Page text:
Michael Fay

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Michael Fay

"The MegaTransect: Protecting Africa's Rainforest"

04/04/2003: 11:30 AM

Michael Fay
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For 15 months Dr. Michael Fay hiked 1,200 miles across central Africa through dense forests and remote villages, to Africa's Atlantic coast.  Dr. Fay is a conservationist with the Science and Exploration Program at the New York-based Wildlife Conservation Society and a Conservation Fellow at the National Geographic Society. He has spent his life as a naturalist, from the Sierra Nevada Mountains and the Maine woods as a boy, Alaska and Central America in college, to the depths of the African forest today. His work in Africa has led to the preservation of more than 10,000 square miles of rain forest in Gabon's first national park system.

After receiving his Bachelor of Science degree in 1978 from the University of Arizona, Dr. Fay spent six years in the Peace Corps as a botanist in the national parks of Tunisia and the savannas of the Central African Republic. In 1984, he went to work at the Missouri Botanical Garden. A flora study of a mountain range on Sudan's western border eventually led to a Ph.D. on the western lowland gorilla. It was at this time that he first entered the forests of central Africa where he still works.


From the very start, Dr. Michael Fay's presentation went from the big picture to the personal.  The first image he discussed was a map of the African Congo, showing landscape polygons of pristine rainforest, many the size of Oregon.  The next slide showed Dr. Fay's erstwhile colleague and trail-cutter, Mambeleme, who along with a dozen other locals, made the 2000 mile trip with Fay through the last remaining pristine African rainforest.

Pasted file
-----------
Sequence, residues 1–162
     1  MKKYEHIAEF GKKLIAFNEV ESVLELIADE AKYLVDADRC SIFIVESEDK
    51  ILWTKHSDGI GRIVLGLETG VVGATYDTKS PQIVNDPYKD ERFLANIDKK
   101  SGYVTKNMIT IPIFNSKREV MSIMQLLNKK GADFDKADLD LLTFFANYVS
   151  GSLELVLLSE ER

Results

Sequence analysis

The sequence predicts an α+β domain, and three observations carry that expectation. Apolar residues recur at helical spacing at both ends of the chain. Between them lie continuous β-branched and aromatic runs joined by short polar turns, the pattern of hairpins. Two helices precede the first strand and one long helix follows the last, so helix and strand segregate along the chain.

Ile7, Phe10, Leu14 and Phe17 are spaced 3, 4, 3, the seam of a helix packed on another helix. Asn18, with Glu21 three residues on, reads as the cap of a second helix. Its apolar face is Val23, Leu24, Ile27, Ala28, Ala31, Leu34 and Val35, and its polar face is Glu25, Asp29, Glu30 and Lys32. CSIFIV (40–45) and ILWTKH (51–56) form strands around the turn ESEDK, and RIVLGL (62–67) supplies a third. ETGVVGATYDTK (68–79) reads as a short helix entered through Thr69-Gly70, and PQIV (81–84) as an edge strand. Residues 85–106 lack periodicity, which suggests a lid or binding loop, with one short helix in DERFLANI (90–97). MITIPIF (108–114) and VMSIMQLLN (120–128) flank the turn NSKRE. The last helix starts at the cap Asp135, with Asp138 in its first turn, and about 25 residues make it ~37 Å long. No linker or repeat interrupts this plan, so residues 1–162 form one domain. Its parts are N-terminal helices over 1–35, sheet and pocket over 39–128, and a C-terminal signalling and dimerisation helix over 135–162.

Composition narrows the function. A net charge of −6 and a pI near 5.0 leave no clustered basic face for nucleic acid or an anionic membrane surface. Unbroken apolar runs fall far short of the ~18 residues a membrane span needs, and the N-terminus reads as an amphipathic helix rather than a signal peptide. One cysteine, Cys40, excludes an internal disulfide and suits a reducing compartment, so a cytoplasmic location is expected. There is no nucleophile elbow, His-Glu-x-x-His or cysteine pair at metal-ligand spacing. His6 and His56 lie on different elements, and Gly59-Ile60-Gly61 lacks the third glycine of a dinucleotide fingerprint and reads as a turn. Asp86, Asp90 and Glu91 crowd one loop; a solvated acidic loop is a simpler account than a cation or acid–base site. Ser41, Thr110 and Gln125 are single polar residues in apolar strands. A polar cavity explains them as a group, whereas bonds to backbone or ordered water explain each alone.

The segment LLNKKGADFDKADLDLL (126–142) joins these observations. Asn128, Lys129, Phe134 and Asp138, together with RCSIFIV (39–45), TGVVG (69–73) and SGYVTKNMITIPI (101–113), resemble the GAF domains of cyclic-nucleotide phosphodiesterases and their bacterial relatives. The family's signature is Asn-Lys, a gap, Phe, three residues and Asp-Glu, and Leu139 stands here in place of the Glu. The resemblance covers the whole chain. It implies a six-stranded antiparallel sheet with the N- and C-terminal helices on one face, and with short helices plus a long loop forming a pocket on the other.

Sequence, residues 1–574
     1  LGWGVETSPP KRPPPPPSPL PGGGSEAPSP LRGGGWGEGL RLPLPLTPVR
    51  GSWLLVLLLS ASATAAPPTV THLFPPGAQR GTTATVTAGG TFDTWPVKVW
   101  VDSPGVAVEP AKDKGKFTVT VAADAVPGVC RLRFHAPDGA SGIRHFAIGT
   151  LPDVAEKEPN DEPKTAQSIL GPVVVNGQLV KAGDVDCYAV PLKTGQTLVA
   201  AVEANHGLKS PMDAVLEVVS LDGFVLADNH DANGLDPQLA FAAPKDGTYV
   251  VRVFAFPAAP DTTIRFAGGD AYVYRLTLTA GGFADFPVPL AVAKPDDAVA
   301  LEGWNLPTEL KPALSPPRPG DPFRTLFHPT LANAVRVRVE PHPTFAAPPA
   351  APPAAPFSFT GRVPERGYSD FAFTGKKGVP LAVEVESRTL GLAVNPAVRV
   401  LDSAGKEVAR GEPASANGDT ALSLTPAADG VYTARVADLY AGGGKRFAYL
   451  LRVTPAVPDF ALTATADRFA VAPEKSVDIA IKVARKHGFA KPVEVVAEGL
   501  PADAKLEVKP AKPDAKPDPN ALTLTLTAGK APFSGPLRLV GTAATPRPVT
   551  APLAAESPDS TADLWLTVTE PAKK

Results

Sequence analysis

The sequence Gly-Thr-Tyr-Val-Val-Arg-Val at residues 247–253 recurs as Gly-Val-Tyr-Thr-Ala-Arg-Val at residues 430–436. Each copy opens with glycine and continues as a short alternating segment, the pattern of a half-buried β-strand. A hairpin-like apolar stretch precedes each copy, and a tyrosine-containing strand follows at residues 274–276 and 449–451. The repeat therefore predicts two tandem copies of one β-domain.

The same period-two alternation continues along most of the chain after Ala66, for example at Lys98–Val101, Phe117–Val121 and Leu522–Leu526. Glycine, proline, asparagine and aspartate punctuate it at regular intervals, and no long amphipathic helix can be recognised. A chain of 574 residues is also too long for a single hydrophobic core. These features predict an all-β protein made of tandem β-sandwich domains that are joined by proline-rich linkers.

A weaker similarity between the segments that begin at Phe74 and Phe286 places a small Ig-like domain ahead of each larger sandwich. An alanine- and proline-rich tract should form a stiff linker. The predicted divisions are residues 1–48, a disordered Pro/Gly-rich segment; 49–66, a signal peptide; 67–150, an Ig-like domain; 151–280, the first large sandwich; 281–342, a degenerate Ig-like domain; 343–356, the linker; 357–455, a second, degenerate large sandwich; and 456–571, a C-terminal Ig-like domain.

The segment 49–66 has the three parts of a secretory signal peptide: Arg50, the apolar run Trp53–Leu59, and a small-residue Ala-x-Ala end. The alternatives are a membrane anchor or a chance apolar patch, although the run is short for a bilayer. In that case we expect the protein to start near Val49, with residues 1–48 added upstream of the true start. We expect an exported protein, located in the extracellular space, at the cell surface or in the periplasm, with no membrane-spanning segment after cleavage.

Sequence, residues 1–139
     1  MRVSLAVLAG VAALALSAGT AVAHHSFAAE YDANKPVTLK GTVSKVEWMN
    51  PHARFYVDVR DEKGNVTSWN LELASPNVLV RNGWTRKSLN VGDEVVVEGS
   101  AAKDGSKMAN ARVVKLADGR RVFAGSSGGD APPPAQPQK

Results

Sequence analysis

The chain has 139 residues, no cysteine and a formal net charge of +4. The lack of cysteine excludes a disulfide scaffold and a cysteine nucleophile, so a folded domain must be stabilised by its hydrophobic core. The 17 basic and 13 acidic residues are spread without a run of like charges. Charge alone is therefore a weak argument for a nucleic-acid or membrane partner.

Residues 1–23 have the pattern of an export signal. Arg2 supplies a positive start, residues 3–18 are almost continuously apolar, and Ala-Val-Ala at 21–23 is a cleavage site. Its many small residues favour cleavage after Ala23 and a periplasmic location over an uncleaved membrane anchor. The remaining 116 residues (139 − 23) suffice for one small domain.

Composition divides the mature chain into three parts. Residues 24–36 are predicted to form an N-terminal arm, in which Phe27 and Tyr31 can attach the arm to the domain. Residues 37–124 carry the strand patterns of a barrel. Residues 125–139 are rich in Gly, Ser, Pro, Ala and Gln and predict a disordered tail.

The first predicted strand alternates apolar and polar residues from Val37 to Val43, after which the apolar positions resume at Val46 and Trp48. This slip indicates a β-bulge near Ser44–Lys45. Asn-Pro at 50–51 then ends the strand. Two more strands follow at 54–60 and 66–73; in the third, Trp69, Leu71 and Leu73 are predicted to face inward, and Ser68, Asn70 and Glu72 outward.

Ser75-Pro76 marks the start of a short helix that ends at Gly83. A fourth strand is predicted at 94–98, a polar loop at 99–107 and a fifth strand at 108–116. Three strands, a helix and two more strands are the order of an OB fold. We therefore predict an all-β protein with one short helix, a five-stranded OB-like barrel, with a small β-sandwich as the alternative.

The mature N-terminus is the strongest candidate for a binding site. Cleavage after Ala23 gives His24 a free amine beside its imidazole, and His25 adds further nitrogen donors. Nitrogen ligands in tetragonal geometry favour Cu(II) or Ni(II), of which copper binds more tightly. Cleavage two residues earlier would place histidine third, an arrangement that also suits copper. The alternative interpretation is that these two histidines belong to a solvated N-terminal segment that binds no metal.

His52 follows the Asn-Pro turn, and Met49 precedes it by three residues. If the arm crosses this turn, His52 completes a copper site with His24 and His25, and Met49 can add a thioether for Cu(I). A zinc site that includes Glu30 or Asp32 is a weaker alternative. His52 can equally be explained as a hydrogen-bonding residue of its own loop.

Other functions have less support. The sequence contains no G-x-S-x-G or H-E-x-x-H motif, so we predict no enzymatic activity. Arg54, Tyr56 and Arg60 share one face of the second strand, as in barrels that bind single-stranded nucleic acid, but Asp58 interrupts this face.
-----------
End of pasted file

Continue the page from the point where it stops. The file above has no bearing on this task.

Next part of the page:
Before setting out on this epic journey, the team gathered together in a village and celebrated for five straight days, drinking palm wine and smoking various local concoctions that could make the most sober-sided rationalist believe in the supernatural.

Fay summed up his trip only ten minutes into the talk: it was like the best dream you can have, and it just doesn't end.  After a few months you adapt to the conditions.  You no longer feel the heat or the leeches.  You don't notice the bad food or the worms burrowing into the soles of your feet.  You just focus on nature: the leopards that come around camp whenever you cook fish, the gorillas that patiently wait for you to catch up to them on the trail, the elephants that don't bother to charge because you're in "elephant forest" where they're at ease.  If this seems like an Alice In Wonderland image, said Fay, well, it is.

Here, far from human impacts, you can stumble onto huge "elephant cities," clearings where thousands of elephants visit singly and in small groups.  A mother and teenager who haven't seen each other in years may trumpet their greetings to each other across hundreds of meters, followed by a brief personal visit before they both go on their own way.  So when we develop these areas, we're not just cutting trees or altering habitat, we're destroying elephant societies.  Gorillas also gather to socialize, show off and look for mates.

Halfway into the journey, Fay approached several towering rock domes that he had seen from the air earlier.  He described these outcrops to his crew and said he'd call on his cell phone and they'd be re-supplied there by helicopter.  His forest-dwelling crew had little experience with cell phones, helicopters, and 2000 foot rock outcrops.  They were skeptical.  Then they were derisive.  Then, as their supplies ran out, they were worried.  When they stumbled into the domes, Fay heard the crew chastising each other "I told you so" and "didn't I tell you he was right?"  In general, Fay found that the chatter would go up as the food went down.